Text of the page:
The Tax Code of the Russian Federation and the Federal Law on Banks and Banking expanded the powers of tax authorities to request information about their clients' accounts, which may include deposits or balances of those accounts, statements of accounts and information on electronic money transfers to and from any financial institution. Together, these laws empower Russian authorities to pass on gathered financial information, upon request of the state, to an authorized body of a foreign state if such cases are stipulated to in any international treaty to which the Russian Federation is a party.
FATCA, however, does not grant authority to the IRS to collect financial information directly from Russian financial institutions. According to the Russian Foreign Ministry and the Bank of Russia, the FATCA regime violates the principle of equality among sovereign states and, therefore, is contrary to both Russian laws and international law. The Russian Foreign Ministry, therefore, considers it illegal for Russian banking institutions to enter into any direct engagement or agreements with the IRS with respect to the requirements of the FATCA.
In short, the question of possibly providing Russian financial data to US tax authorities can only be resolved at the state-to-state level. The passing of financial information may become possible only when the Russian Federation and the US reach a bilateral agreement on the mutual exchange of financial data pertaining to their respective citizens. In such a case, the Russian government may appoint a state agency responsible for collecting information on Russian credit institutions at the request of the IRS. This way, financial institutions would not be at risk of violating existing laws on bank secrecy, since it would be the Russian government that would be transmitting information to US tax authorities. The Russian Federation would likewise have the right to obtain information from the US government financial information pertaining to Russian citizens in the US.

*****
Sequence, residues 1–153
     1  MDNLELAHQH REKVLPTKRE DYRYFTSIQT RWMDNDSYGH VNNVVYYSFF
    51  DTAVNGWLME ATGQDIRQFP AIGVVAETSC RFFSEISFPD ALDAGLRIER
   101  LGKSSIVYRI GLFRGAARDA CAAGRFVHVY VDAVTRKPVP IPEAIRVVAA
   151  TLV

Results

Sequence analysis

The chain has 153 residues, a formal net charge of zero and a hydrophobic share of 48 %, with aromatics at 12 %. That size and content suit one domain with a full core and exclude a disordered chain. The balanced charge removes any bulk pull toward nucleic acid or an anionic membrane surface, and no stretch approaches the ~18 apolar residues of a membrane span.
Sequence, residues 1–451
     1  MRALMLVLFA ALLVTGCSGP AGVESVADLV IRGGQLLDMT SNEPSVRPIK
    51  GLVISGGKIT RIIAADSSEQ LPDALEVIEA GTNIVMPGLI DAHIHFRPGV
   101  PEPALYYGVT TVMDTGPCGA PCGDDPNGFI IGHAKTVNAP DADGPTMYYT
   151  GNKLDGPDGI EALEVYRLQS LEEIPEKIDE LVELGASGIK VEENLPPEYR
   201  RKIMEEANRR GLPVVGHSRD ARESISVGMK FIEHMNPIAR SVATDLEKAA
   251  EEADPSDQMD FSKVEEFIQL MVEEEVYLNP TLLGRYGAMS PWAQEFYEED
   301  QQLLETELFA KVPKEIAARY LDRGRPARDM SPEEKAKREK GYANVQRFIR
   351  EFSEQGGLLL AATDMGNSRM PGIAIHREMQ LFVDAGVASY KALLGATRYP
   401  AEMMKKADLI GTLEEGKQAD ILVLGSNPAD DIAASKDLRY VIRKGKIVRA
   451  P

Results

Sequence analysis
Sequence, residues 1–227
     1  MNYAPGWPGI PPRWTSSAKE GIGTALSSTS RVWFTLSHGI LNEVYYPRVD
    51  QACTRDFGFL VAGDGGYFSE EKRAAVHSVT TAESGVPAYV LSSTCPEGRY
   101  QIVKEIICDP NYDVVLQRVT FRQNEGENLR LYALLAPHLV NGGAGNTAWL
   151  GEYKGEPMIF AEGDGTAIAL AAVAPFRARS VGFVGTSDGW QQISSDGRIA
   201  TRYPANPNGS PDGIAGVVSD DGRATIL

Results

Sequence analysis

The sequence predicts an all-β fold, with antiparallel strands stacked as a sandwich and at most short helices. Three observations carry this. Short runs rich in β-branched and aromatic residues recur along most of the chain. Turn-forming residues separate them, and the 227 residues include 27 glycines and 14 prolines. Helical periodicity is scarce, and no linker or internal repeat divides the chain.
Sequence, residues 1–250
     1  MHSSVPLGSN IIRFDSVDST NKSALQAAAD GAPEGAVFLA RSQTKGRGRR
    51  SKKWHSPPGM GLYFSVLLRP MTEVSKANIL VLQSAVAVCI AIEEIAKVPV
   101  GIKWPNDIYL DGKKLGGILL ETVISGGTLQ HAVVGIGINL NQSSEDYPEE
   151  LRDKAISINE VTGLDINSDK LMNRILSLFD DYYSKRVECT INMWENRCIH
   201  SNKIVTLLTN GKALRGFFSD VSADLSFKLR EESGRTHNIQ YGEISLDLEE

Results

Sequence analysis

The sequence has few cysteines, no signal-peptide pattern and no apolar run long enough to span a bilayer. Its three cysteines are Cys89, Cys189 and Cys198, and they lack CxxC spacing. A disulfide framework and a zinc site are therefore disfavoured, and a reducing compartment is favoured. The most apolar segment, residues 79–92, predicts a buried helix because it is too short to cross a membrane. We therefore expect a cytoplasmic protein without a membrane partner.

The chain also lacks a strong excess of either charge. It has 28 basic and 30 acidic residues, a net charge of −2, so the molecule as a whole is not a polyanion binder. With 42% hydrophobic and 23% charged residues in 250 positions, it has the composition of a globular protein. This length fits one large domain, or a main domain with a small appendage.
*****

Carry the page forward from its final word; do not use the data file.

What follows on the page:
Kambiz Behi is a consultant in foreign affairs at EnterInvest in Minsk, Belarus and Russia. He holds a Ph.D in Social Anthropology and Masters in Regional Studies from Harvard University, and a Master of Laws (LL.M.) from the University of Pennsylvania Law School.
Edsel Tupaz is owner of Tupaz and Associates and a professor of international and comparative law, based in Manila, Philippines. He is a graduate of Harvard Law School and Ateneo Law School.
Suggested citation: Kambiz Behi and Edsel Tupaz,American Deposits in Russian Banks, JURIST - Sidebar, Mar. 7, 2013, http://jurist.org/sidebar/2013/03/behi-tupaz-russian-deposits.php
This article was prepared for publication by Stephanie Kogut, an associate editor with JURIST's professional commentary service. Please direct any questions or comments to her at email@example.com